Saturday, November 26, 2011

"UC has not punished a media adviser or other employee for protecting the free speech rights of students does not mean that university employees do not feel constrained and do not need protection,"

Read the old 2008 story on UC: Above the Law? from Inside Higher Ed
Now we are way beyond just 'feeling constrained'-- they've broken faculty members ribs, pulled 'em by the hair, knocked down their wives, made 'em 'crunchy' etc. when those professors were trying to protect students' first amendment rights. So, what do we think of what they said back in 2008 now? So much old business- warning signs, red flags- to be looked at again...

Told of the university's assertion that it has the right to opt out of the underlying free speech law, too, Goodman said via e-mail that the issue "all does come back to whether they support the protections in 66301 -- that the university should not have the authority to discipline students or engage in prior restraint of their expression when that expression would be protected by the First Amendment or the California Constitution if the expression occurred off campus." He added: " If they do agree with that, then they should have not a problem with SB 1370 as it only protects university employees from punishment for student expression that is already protected by 66301.

"No provision of [Part 40] shall apply to the University of California except to the extent that the Regents of the University of California, by appropriate resolution, make that provision applicable."
In this case, Hayward and Chastain warn, the regents do not plan to let the media adviser provision apply if it should become law.

yep, read the old 2008 story on UC: Above the Law? from Inside Higher Ed


reclaim UC has this section in this interesting post:

From: Robert J. Birgeneau
Sent: Thursday, December 10, 2009 8:59 PM
To: 'Claire Holmes'; Beata Fitzpatrick'; George Breslauer'; 'Phyllis Hoffman'
Cc: 'Janet Gilmore'
Subject: RE: DRAFT text for Wheeler story

Hi Claire,
I agree with the basic message. However, we need to find a new word other than "activists" to describe the protesters; that descriptor gives them too much gravitas. I prefer: intruders, occupiers, and/or protesters. Also, assuming that everything goes according to plan, I would like a quote expressing my admiration for the very professional way in which the police managed to apprehend and remove the illegal occupiers.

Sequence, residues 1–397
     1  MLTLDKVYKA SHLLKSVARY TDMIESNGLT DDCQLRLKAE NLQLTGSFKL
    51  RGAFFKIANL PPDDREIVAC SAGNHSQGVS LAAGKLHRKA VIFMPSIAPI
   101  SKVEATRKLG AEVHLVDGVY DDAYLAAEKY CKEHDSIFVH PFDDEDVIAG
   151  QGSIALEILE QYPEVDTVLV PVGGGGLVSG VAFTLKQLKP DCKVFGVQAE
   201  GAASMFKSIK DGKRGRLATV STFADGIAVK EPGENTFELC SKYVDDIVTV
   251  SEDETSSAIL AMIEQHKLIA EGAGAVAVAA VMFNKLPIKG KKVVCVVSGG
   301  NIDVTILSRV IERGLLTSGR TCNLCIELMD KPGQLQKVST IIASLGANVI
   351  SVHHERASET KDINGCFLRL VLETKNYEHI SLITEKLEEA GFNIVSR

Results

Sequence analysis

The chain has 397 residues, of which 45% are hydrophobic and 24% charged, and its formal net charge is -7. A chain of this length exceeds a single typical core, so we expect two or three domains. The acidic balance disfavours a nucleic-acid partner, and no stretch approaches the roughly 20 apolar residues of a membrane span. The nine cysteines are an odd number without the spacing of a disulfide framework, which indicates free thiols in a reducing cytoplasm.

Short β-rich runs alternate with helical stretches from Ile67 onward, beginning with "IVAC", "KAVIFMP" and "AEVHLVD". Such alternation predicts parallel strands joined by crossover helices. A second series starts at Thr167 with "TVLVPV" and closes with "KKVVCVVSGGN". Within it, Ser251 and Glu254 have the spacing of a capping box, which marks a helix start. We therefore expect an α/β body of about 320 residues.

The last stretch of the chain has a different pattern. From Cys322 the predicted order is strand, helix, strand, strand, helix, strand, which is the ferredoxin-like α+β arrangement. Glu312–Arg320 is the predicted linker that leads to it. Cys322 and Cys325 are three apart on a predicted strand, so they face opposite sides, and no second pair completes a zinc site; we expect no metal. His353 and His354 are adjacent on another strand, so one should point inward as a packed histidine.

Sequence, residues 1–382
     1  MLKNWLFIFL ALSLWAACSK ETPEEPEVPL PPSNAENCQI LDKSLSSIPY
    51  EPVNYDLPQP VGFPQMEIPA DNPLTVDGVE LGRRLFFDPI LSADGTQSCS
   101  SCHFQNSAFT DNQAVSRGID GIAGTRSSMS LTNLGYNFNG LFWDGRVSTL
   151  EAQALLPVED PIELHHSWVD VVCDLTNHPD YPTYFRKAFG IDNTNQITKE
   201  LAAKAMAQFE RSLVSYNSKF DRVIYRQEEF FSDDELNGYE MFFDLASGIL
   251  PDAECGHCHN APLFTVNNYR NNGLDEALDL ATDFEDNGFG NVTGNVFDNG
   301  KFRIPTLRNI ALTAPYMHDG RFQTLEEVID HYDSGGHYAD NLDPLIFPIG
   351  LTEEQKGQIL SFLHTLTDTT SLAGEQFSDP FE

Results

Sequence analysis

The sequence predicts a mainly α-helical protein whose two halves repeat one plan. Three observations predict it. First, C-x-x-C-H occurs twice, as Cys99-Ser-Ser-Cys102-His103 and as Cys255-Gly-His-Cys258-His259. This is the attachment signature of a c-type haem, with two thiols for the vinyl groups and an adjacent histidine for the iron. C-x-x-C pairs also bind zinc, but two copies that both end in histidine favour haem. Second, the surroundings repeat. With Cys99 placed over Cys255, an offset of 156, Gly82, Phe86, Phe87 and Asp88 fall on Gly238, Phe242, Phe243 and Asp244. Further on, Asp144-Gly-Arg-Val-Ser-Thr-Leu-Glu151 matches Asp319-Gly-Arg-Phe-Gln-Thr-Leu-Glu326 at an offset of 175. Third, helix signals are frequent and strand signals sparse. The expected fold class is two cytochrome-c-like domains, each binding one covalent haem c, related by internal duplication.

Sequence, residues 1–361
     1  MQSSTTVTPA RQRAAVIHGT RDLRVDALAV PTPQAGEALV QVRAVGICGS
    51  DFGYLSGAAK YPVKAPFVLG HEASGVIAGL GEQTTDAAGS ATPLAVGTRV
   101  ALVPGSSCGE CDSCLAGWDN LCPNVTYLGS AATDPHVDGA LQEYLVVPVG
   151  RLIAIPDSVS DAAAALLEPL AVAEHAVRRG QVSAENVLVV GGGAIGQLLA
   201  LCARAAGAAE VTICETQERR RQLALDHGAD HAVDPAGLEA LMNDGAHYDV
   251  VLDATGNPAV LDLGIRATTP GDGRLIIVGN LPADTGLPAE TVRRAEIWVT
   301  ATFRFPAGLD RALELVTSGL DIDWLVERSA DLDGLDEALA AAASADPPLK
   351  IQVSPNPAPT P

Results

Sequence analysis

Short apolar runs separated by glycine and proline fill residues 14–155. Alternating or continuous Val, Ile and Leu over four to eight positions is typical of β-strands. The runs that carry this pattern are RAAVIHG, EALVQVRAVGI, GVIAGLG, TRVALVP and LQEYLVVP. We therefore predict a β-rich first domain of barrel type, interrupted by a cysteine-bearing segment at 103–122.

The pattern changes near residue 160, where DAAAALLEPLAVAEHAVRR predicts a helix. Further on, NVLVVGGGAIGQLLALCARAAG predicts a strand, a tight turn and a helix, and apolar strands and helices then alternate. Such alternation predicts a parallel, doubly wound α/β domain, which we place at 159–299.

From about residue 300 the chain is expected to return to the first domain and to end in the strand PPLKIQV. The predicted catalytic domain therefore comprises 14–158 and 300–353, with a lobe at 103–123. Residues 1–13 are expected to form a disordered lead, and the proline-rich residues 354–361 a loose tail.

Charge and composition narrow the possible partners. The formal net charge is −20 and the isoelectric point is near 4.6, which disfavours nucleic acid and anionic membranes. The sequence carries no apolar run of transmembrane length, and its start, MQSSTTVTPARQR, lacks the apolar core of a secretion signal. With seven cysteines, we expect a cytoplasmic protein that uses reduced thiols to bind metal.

And this on Davis:
'Major reforms are needed because regardless of whoever is fired or resigns, it won't mean anything if we don't change policy and the way our institutions are run,' Adam Thongsavat, president of the Associated Students of the University of California, Davis, said in an interview. 'That's what's going to affect students and campus policy and bring awareness.'
The student government passed a resolution Monday night calling on the state attorney general's office to investigate campus police misconduct.
The students are demanding police go through sensitivity training, seek more student representation and review policies on student protests.
Katehi has already asked the Yolo County district attorney's office to investigate, and Chief Deputy District Attorney Jonathan Raven confirmed Tuesday that the department will look into the matter.
Attorney General Kamala Harris was deeply disturbed by the videos of the incident, spokeswoman Lynda Gledhill said Tuesday.
'She's confident they will conduct a quick and thorough investigation of the matter,' Gledhill said.

(the students have appealed to the CA AG before...)
Also-- while reading that DailyMail story kept thinking about the fact that there were at least two ASIAN officers who experienced problems at UC Davis -- perhaps not just anti gay but other issues as well.
Get better George.

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